|Publication Type:||Conference Paper|
|Year of Publication:||2016|
|Authors:||D. Żyła, Solodovnikov A.|
|Conference Name:||The 7th International Conference on Fossil Insects, Arthropods and Amber|
|Publisher:||Siri Scientific Press|
|Conference Location:||National Museum of Scotland, Edinburgh|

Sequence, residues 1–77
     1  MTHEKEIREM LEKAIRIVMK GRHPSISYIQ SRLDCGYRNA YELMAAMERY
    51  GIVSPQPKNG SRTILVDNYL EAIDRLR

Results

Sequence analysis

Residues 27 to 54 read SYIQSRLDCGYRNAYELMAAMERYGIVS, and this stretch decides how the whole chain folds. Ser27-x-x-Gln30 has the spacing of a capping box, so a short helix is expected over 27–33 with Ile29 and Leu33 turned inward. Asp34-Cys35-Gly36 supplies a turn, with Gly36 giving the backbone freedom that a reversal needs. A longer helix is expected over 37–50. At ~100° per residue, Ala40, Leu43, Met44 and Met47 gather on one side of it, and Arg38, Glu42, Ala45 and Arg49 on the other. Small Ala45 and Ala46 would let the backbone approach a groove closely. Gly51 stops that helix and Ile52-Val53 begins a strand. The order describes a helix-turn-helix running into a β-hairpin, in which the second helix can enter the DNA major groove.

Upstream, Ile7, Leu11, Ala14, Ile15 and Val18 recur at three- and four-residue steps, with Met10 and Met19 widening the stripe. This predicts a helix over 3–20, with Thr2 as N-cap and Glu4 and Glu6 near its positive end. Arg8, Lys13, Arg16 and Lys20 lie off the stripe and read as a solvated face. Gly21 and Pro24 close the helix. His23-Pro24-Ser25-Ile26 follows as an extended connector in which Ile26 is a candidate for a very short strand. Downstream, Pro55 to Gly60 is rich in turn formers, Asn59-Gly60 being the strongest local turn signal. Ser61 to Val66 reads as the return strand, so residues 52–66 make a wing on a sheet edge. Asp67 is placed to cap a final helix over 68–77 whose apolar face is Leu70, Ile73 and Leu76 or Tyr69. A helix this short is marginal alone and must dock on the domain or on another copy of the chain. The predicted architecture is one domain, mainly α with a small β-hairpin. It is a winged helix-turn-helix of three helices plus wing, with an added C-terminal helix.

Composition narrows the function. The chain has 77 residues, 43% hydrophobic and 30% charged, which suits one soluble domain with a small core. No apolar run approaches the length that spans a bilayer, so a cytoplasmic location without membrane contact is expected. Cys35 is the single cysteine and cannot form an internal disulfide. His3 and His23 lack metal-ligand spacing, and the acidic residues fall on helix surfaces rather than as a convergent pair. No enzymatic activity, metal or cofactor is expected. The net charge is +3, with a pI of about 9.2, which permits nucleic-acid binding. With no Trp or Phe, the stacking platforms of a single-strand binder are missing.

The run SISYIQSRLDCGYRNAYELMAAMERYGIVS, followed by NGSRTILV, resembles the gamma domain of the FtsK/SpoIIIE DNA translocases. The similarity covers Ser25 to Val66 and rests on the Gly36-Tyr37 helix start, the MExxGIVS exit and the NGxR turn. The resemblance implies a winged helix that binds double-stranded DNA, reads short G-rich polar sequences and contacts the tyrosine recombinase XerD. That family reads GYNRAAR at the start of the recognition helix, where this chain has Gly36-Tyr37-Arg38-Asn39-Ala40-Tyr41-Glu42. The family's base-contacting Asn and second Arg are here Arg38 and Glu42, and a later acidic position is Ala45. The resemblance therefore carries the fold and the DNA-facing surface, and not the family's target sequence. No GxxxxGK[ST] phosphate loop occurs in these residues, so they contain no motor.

With more than 60,000 described species, rove beetles (Coleoptera: Staphylinidae) are an outstanding example of mega-diversity. With the short elytra leaving their abdomen exposed and flexible, they are well adapted to cryptic microhabitats in nearly all possible terrestrial habitats. The family is divided into four groups of subfamilies that supposedly represent monophyletic lineages. The largest of them, the Staphylinine-group, consists of nine subfamilies, and includes Steninae, one of the most striking examples of the evolutionary mega radiation.Steninae comprise more than 2700 species organised in two extant genera, the mega-diverse Stenus Latreille, 1797 and much less species-rich Dianous Leach, 1819. With ~2500 described species, Stenus is among the most diverse genera of organisms but is also fairly conservative in its morphology. Due to lacking robust phylogenetic study, nothing is known about how, when and why Steninae radiated to become the mega-diverse group we see today. Usually Steninae has been considered to be closely related to the subfamily Euaesthetinae, but their placement within the Staphylinine-group still remains controversial. However, neither morphology has ever been combined with molecular data in a phylogenetic analysis, nor has the fossil record been used for such inferrence. The latter, however, is crucial since the combination of phylogenetic signals preserved in recent species with palaeontological data is the most effective way to explore the history of a given organismal group, especially deep divergencies. So far, only two species of Mesozoic Stenus have been described, and all other known fossils of Steninae come from the Cenozoic deposits (Cai et al., 2014). Although not very abundant, all these fossils are of great significance for understanding the origin and early diversification of this lineage. Here, we present a new extinct genus of Steninae notably different from all extant members of this subfamily. The studied material consists of 15 specimens from one piece of Burmese amber (Late Cretaceous, earliest Cenomanian) that belong to at least two extinct species. Our new finding is discussed in the context of a possible scenario for the early evolution of Steninae prior to their modern radiation, and in terms of the possible sister-group relationships of this subfamily within the Staphylinine-group.